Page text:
McNealy, Simon respond to FDOE as court date nears

Florida Education Commissioner Richard Corcoran threatened on Monday to withhold funding equal to the salaries of the entire Alachua County School Board and Alachua County Public Schools Superintendent Carlee Simon over a face mask mandate.

On Tuesday, Simon and SBAC Chair Leanetta McNealy responded to Corcoran’s letter demanding an explanation for Alachua County’s “glaring non-compliance” with a Florida Department of Health (FDOH) rule that gives parents the right to decide if their child will opt out from wearing a face mask at school. 

The current SBAC policy requires medical documentation for an opt-out, but Corcoran stated that is “inconsistent with the emergency rule” the FDOH issued on Aug. 6.

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“Like you, we are gravely concerned with the current situation,” Simon and McNealy wrote in a three-page response. “Our concern is with the threat that COVID-19, particularly the highly-contagious Delta variant, poses to the students and staff in Alachua County Public Schools.”

The response then cites the increase in local hospitalizations of 36 percent higher than the previous peak in January, the toll the cases are taking on local emergency response teams, delays in medical procedures by local hospitals, and previously healthy children being hospitalized, including some in ICUs.

The response also calls out the FDOH rule as being hypocritical.

“The Notice of Emergency Rule for 64DER21-12 includes the following language: ‘This emergency rule is necessary in light of the recent rise in COVID-19 cases in Florida and the urgent need to provide COVID-19 guidance to school districts before the upcoming school year commences.’ This argument for the emergency rule contradicts the rule itself. If the intent of the emergency rule is to address the recent rise in COVID-19 cases, the Department of Health should be recommending protocols and procedures that reduce transmission rather than preventing school districts from implementing them.”

ACPS Superintendent Carlee Simon

The response letter asks for Corcoran to “seriously consider the appropriateness of withholding funds in an amount equal to the Superintendent’s salary and the combined salaries of the members of the School Board.”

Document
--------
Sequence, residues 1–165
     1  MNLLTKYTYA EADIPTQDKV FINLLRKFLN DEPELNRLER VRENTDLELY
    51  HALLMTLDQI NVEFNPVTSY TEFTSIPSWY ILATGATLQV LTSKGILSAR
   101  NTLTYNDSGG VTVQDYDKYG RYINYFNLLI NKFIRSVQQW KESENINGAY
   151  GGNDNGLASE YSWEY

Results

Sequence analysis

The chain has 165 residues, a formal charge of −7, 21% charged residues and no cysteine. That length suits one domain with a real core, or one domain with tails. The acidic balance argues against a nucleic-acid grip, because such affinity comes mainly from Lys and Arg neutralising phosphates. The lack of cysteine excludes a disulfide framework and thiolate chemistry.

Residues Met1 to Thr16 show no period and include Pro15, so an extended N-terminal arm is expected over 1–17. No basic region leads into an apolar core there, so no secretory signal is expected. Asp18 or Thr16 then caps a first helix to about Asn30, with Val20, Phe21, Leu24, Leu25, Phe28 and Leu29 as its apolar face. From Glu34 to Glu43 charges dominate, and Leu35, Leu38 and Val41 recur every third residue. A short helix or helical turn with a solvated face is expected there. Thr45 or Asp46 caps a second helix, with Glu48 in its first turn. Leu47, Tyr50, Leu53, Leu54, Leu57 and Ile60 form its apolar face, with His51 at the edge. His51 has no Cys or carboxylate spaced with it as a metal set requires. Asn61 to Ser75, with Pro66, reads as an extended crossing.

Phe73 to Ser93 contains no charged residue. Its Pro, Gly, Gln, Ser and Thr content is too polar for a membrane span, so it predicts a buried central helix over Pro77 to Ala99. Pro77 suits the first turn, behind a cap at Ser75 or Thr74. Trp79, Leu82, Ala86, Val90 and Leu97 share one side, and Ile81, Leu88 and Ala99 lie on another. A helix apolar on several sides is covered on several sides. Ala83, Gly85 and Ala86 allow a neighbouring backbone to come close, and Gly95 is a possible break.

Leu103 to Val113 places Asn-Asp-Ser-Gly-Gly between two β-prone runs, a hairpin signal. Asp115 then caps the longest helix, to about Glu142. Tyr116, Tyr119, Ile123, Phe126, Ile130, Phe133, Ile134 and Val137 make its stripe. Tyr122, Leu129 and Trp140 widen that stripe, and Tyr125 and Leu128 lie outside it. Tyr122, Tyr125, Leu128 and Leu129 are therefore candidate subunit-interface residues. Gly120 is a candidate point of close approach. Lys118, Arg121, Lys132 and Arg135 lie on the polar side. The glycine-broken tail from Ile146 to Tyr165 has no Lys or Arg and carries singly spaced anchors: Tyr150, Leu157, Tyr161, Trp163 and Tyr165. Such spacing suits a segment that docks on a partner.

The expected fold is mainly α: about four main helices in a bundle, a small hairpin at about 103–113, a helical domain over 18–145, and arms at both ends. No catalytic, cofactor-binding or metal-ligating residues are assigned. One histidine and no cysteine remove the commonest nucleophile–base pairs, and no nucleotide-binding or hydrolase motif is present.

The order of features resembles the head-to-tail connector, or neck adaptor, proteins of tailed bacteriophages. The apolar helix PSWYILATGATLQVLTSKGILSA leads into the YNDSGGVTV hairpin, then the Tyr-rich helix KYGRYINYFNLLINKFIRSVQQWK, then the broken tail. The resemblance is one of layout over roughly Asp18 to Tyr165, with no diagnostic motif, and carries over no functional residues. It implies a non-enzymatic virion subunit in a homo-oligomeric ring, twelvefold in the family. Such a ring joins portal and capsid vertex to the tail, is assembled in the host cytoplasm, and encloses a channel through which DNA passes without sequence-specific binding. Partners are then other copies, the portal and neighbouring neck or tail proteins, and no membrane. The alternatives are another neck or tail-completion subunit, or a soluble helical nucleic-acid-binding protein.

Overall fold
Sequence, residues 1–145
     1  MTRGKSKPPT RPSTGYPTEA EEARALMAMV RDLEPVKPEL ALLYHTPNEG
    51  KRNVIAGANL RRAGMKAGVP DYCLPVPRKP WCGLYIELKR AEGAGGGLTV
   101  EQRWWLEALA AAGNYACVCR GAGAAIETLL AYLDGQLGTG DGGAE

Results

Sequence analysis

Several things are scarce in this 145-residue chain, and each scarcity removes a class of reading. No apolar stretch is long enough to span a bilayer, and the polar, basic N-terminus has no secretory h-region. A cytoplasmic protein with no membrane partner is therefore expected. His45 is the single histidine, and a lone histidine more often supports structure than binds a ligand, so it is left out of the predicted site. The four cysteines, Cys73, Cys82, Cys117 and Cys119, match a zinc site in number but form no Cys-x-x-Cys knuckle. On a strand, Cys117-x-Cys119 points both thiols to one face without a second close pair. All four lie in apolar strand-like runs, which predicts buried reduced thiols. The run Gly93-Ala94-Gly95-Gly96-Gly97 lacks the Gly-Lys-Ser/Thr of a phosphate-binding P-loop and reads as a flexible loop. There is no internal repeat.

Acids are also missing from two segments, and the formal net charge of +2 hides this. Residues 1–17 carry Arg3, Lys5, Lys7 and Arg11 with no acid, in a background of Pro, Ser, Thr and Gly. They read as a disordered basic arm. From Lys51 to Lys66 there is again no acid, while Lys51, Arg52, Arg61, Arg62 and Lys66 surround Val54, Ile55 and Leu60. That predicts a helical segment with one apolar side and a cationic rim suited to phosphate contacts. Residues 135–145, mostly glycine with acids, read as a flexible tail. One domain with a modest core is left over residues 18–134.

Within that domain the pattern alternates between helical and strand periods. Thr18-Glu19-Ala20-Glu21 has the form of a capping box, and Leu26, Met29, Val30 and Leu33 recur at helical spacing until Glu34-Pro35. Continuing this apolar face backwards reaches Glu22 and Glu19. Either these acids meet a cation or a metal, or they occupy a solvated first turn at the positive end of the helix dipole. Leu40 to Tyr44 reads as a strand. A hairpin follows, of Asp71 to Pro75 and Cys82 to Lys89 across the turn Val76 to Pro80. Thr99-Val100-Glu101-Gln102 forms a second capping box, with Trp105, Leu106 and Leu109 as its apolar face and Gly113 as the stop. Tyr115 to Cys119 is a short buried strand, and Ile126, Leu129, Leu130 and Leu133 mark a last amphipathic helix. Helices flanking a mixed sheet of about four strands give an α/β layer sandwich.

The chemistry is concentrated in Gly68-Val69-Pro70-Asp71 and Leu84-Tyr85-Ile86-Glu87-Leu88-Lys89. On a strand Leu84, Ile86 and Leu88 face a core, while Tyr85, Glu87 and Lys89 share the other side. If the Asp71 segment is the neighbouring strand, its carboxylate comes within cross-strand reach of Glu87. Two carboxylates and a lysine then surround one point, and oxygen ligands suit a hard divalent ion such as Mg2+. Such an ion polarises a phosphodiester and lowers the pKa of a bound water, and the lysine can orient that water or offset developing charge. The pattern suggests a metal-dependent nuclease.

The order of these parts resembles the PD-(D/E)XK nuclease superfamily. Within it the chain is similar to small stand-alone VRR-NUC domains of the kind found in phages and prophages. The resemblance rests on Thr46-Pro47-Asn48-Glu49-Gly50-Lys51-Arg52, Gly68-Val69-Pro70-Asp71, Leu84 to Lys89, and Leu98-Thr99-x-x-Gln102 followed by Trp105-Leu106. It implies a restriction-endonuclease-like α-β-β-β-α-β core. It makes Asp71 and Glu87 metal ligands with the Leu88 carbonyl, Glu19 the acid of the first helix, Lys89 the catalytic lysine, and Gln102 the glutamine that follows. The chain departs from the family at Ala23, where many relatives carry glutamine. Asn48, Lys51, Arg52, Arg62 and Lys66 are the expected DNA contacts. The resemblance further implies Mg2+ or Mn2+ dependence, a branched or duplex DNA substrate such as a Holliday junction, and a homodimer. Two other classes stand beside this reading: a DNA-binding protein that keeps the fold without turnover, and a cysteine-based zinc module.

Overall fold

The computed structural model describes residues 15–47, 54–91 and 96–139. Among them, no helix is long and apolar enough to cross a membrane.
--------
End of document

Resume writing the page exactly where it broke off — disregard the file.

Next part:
According to ACPS spokesperson Jackie Johnson, those salaries total $336,148.

The letter goes on to note the salaries are outside of Corcoran’s control: “Neither the Florida Department of Education nor the Board of Education control the payroll distribution of school districts.”

Instead, the letter says any funds withheld would be removed from the district’s general fund and would become a reduction of allocation.

On Wednesday Ken Cornell, chair of the Alachua County Board of County Commissioners—who re-declared a local state of emergency last week—said the commission will consider covering potential fines with American Rescue Plan funds. 

“Threats to pull state funding which are ultimately being used to keep our kids safe, might qualify for federal Covid funding provided directly to the County,” he said. “We are looking at it.”

In their letter to Corcoran, McNealy and Simon wrote that the school district has seen a “dramatic spike in the number of employees testing positive for COVID—more in the last two weeks than in the previous five months combined,” including the death of two custodians. They said if COVID-19 continues to spread, more teachers and staff will be quarantined due to exposure, and that would make providing a “safe and secure public education to all students” difficult.

“Universally masking is the most effective strategy we currently have, besides vaccination, to meet this obligation,” the response concludes.

Meanwhile, a complaint asking a court to strike down Gov. Ron DeSantis’ executive order that preempts local governing bodies from mandating masks will get its first hearing on Friday. 

In a statement provided to Mainstreet Daily News, attorney Charles Gallagher said the Circuit Court of the Second Judicial Circuit in Leon County will hear his emergency motion for injunctive relief at 2:30 p.m. on Friday. 

Judge John Cooper will hear the case. Last year he upheld a Leon County mask ordinance. 

In his statement Gallagher also announced additional counsel who have joined the case.

“Retired Leon Circuit Judge Charles Dodson has joined Plaintiffs’ legal team as co-counsel,” Gallagher stated. “Judge Dodson presided over last year’s teacher’s union suit for premature school reopening due to COVID-19 against Governor DeSantis and Secretary Corcoran.” Gallagher stated.

Gallagher said Pinellas attorney Natalie L. Paskiewicz has also joined the legal team.

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